Andrew Fount Andrew Fount - 3 years ago 118
Python Question

Double underscore in python

class A(object):
def __get(self):
pass

def _m(self):
return self.__get()


class B(A):
def _m(self):
return str(self.__get())

print(A()._m())
print(B()._m())


Why
print(A()._m())
prints
None
, but
print(B()._m())
raises
AttributeError: 'B' object has no attribute '_B__get'
?

I thought that double underscore prevents method overriding.

UPDATE

You write that
__get
is private.

Then why does the following work?

class A(object):
def __get(self):
pass

def _m(self):
return self.__get()


class B(A):
pass

print(A()._m())
print(B()._m())


Why does this code doesn't raise
AttributeError
and prints
None
two times?

Answer Source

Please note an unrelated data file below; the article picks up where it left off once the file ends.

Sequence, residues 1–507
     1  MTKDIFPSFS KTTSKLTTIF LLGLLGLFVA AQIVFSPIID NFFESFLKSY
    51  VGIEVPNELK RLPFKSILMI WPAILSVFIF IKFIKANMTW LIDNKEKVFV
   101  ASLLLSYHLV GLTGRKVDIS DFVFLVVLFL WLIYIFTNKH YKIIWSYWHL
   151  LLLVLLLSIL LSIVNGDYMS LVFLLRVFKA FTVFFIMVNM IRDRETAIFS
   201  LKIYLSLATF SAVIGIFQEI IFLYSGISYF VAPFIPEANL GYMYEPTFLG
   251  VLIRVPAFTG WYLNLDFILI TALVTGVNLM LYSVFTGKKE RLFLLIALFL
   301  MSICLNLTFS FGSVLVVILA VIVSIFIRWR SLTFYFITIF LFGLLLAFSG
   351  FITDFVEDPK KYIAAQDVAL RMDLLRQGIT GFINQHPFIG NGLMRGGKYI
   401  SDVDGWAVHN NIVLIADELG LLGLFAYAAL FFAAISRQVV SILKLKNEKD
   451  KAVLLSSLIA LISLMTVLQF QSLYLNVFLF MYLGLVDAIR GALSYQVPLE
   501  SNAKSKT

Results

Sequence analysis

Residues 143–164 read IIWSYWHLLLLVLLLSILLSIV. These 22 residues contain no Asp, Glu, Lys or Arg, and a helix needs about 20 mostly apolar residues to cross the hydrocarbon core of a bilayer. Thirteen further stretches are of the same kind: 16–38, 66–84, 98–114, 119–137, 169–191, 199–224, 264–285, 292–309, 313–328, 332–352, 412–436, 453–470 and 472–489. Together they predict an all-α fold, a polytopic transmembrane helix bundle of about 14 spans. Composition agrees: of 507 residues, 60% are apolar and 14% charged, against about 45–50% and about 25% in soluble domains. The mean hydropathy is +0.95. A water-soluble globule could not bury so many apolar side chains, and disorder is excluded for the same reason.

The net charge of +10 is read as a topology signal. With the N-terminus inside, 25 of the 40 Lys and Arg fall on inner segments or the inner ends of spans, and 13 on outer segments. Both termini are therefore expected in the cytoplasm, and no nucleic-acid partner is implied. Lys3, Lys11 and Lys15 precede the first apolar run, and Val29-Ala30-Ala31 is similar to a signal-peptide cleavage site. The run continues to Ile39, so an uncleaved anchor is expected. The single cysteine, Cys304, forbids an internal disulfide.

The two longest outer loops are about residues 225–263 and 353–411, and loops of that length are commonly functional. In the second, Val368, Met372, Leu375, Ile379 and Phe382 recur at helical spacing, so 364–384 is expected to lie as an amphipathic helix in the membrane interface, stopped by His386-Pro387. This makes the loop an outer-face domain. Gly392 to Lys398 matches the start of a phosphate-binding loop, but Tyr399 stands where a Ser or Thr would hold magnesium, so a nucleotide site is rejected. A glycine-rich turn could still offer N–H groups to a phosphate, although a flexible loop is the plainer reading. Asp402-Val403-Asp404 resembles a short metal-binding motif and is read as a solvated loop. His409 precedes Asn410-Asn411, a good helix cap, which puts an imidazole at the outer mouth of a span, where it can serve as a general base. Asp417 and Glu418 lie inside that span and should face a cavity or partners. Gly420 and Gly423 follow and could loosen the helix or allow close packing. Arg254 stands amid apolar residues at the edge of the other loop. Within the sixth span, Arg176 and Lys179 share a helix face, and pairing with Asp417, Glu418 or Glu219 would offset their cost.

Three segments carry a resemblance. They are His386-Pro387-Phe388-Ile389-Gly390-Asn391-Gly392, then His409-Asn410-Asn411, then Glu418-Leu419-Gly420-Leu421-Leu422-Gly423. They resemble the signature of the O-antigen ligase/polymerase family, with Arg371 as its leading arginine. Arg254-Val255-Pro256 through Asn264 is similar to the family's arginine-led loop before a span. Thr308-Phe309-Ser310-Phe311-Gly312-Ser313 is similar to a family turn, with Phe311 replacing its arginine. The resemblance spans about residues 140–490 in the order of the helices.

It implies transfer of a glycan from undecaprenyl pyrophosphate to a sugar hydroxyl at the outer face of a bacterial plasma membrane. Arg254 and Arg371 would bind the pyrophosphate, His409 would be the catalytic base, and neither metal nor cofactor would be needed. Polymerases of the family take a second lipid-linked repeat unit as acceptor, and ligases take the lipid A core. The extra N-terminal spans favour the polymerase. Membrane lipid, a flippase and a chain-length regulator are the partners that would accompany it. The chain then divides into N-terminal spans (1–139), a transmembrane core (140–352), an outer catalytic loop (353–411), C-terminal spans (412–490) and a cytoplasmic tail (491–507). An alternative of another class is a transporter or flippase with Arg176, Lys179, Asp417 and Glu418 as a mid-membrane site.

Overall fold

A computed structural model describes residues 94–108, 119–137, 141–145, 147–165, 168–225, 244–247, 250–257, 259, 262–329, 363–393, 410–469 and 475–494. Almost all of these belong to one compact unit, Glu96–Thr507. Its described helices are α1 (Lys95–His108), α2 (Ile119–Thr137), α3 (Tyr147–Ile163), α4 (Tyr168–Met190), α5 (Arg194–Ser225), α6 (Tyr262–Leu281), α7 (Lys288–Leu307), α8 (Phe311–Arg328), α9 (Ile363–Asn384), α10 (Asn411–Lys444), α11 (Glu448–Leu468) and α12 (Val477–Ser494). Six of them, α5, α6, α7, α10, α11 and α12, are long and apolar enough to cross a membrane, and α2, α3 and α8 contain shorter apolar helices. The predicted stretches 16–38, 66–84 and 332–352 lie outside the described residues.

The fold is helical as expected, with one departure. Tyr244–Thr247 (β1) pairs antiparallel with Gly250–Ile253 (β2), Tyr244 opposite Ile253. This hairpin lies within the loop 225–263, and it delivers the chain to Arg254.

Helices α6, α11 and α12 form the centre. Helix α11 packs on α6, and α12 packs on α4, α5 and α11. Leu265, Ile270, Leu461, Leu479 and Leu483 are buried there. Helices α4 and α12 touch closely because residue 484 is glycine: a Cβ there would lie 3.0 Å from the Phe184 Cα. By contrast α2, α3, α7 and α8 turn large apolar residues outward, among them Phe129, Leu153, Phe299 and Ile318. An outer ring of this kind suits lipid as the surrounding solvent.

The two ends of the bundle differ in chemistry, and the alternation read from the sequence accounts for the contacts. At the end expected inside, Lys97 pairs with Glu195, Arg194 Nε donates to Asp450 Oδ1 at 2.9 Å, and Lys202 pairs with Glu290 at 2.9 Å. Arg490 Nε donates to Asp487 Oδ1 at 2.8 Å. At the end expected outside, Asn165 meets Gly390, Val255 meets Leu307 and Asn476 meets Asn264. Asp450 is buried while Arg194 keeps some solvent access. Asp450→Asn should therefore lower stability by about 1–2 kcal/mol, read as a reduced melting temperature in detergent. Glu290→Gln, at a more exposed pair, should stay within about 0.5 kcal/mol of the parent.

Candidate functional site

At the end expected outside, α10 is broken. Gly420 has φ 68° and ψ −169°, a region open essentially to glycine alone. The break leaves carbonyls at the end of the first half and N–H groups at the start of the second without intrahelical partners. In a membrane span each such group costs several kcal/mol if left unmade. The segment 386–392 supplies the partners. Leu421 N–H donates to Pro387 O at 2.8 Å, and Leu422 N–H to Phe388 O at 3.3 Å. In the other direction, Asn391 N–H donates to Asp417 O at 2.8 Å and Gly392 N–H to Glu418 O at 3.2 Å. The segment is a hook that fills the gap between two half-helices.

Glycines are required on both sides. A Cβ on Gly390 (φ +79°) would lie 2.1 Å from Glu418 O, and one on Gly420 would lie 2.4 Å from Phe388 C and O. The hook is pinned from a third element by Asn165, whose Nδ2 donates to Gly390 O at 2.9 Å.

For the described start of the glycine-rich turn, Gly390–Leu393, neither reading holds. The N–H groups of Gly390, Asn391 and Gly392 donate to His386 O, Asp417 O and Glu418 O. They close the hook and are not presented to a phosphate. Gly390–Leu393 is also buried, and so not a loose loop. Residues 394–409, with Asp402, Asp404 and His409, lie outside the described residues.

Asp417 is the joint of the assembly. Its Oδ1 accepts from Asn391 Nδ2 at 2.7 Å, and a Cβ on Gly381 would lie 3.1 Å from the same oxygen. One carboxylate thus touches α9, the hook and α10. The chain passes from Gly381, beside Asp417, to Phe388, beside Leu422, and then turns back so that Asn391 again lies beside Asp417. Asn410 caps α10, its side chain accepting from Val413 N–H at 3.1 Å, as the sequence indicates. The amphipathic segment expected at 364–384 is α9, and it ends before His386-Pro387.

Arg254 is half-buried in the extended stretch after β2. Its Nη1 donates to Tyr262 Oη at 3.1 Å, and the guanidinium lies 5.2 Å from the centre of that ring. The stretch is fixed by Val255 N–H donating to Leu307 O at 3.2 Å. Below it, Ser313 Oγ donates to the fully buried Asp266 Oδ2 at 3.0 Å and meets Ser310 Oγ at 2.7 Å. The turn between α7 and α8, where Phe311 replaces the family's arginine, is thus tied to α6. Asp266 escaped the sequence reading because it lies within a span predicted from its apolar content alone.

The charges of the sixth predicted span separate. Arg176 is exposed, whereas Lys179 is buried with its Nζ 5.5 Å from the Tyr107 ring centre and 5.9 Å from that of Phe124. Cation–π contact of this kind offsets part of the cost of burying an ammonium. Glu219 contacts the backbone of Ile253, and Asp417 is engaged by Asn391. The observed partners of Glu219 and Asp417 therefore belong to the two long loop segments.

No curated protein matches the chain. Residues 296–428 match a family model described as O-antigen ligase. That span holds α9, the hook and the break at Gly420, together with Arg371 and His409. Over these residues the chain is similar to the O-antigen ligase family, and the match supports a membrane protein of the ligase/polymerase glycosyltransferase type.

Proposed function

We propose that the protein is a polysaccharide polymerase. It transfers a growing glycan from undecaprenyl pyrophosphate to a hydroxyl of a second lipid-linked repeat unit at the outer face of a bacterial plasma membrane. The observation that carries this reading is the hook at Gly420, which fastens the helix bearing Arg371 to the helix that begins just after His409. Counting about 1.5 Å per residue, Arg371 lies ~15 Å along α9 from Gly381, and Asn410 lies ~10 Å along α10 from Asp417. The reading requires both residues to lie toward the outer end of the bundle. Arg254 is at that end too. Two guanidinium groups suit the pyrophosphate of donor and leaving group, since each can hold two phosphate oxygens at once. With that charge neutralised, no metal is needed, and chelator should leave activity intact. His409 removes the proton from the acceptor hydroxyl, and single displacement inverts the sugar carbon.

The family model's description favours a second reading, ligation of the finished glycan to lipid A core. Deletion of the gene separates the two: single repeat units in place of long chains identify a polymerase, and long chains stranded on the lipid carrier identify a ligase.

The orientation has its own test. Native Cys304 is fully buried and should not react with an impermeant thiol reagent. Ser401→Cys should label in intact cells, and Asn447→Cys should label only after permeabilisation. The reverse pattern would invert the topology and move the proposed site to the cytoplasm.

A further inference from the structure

Leading double underscore names are private (meaning not available to derived classes)

This is not foolproof. It is implemented by mangling the name. Python Documentation says:

Any identifier of the form __spam (at least two leading underscores, at most one trailing underscore) is textually replaced with _classname__spam, where classname is the current class name with leading underscore(s) stripped. This mangling is done without regard to the syntactic position of the identifier, so it can be used to define class-private instance and class variables, methods, variables stored in globals, and even variables stored in instances. private to this class on instances of other classes.

Thus __get is actually mangled to _A__get in class A. When class B attempts to reference __get, it gets mangled to _B__get which doesn't match.

In other words __plugh defined in class Xyzzy means "unless you are running as class Xyzzy, thou shalt not touch the __plugh."

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